The benevolent northeastern valleys of Morelos were an exception to this pattern. Like the other missionary orders and the Aztec emperors before them, the Augustinians were enchanted by these green valleys clustered below the great volcano of Popocatépetl. Here in a “land of eternal spring” they too envisioned an earthly paradise where St. Augustine’s long dreamed of City of God might at last be realized.
In 1533 their first primitive mission was founded at Ocuituco. The next year a second house was established at Totolapan and, within the year, two more, at Yecapixtla and Tlayacapan. Over the next decades, they completed the chain of imposing fortress monasteries along the foothills, including Atlatlahucan and Zacualpan, in addition to annexing former Franciscan houses at Tlaquiltenango and Tlaltizapan.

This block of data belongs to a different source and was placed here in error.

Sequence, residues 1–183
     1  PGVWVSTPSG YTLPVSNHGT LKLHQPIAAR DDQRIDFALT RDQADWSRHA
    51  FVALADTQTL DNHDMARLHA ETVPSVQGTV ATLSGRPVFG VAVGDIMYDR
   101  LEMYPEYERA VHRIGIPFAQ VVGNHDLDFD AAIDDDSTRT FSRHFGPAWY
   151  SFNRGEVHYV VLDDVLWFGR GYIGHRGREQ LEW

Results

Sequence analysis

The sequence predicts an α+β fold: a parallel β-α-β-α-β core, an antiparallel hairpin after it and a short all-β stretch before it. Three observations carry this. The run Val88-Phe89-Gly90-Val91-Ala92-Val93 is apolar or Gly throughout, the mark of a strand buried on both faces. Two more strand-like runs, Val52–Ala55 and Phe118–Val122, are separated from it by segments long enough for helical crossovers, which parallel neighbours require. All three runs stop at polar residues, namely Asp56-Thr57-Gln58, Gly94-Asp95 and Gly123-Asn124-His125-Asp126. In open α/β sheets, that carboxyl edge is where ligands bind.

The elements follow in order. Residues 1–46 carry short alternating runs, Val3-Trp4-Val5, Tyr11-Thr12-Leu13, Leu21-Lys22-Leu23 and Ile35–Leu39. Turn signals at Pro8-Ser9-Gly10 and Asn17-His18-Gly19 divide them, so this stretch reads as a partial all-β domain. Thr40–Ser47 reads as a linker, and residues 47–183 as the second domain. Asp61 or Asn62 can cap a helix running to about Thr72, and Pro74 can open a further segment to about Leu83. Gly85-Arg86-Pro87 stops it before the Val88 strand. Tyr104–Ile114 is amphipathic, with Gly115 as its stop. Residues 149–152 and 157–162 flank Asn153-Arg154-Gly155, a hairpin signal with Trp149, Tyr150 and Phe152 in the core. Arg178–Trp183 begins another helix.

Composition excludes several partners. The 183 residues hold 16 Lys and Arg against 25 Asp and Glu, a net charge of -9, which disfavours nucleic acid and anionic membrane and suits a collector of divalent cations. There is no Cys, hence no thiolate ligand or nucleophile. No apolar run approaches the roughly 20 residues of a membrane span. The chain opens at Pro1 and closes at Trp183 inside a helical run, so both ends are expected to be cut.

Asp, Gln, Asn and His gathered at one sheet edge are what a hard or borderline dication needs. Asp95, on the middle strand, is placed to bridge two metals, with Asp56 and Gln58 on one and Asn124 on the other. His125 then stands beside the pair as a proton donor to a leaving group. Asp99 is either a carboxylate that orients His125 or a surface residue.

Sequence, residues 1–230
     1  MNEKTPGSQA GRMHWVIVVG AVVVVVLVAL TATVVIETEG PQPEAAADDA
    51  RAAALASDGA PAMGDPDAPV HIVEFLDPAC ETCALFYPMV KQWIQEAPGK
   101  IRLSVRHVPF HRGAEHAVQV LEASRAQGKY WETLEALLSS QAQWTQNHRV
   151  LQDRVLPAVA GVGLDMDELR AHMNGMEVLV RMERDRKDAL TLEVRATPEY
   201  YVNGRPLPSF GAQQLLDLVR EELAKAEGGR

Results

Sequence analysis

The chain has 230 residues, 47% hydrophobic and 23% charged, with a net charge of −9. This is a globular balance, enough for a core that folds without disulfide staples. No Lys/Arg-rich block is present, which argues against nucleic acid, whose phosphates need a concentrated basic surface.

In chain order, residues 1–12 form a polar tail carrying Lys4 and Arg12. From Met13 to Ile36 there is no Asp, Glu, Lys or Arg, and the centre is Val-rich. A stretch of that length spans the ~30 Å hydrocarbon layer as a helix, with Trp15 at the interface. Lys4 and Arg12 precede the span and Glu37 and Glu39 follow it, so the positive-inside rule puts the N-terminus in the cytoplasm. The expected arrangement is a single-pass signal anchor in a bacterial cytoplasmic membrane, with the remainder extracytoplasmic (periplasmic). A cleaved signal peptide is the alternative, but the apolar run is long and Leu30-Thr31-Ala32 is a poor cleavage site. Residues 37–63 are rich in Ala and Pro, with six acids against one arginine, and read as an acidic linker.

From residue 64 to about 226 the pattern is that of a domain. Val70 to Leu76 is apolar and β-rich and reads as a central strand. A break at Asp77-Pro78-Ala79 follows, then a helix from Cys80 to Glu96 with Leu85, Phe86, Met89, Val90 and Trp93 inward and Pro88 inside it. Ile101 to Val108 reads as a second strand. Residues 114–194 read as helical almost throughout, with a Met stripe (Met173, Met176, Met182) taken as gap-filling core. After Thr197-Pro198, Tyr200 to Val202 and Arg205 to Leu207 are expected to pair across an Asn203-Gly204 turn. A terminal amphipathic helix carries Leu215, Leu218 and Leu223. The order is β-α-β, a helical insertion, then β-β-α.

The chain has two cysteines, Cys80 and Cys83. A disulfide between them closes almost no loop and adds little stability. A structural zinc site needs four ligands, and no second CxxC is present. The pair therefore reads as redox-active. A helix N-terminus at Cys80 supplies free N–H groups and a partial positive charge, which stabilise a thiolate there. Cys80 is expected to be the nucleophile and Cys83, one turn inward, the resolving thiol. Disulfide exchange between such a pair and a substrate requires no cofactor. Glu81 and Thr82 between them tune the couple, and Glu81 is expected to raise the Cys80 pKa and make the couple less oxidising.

Here we take a closer look at Atlatlahucan and its colonial arts, focusing first on its classic “fortress” architecture.
Two of the four original posa chapels have survived, in the southwest and southeast corners. Both have striking pedimented fronts and are capped with domed cupolas and spiky corner merlons.
The soaring west front is a study in verticality; angled buttresses topped with crenellated garitas, a crowning espadaña studded with merlons, long rainstreaks plunging like cataracts from the pinnacles atop the parapet—everything seems to accelerate the heavenward movement.
The martial character of the monastery extends to the arcaded portico and cloister, where ranks of merlons top the buttressed arcades.
Sharp, pyramidal merlons and pinnacles march along every wall and belfry emphasizing the fortress aspect of the church. Basalt crosses carved with Passion symbols top the lateral tower and the atrium gateway.
Other examples of early stone carving at Atlatlahucan include the ogival convento doorways and the sanctuary arch in the church sculpted with floral and Passion reliefs.
Note: Our second post on Atlatlahucan, describing the murals, will appear on our sister blog.
text © 1992 & 2017 Richard D. Perry
images by the author except where noted.